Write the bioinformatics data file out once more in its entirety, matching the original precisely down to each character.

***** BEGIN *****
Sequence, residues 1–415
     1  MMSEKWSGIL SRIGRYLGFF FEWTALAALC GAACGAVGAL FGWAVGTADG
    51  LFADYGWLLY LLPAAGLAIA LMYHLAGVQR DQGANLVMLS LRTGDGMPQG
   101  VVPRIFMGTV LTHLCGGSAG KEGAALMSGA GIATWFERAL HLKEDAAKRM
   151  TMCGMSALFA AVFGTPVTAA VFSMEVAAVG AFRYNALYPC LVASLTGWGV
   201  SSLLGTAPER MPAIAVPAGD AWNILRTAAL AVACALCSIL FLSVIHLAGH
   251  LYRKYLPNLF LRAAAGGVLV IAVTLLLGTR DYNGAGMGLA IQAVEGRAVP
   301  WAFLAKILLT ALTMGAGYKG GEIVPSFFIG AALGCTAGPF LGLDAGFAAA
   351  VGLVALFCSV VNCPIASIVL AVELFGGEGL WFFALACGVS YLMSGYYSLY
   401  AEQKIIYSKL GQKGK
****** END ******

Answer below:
Sequence, residues 1–415
     1  MMSEKWSGIL SRIGRYLGFF FEWTALAALC GAACGAVGAL FGWAVGTADG
    51  LFADYGWLLY LLPAAGLAIA LMYHLAGVQR DQGANLVMLS LRTGDGMPQG
   101  VVPRIFMGTV LTHLCGGSAG KEGAALMSGA GIATWFERAL HLKEDAAKRM
   151  TMCGMSALFA AVFGTPVTAA VFSMEVAAVG AFRYNALYPC LVASLTGWGV
   201  SSLLGTAPER MPAIAVPAGD AWNILRTAAL AVACALCSIL FLSVIHLAGH
   251  LYRKYLPNLF LRAAAGGVLV IAVTLLLGTR DYNGAGMGLA IQAVEGRAVP
   301  WAFLAKILLT ALTMGAGYKG GEIVPSFFIG AALGCTAGPF LGLDAGFAAA
   351  VGLVALFCSV VNCPIASIVL AVELFGGEGL WFFALACGVS YLMSGYYSLY
   401  AEQKIIYSKL GQKGK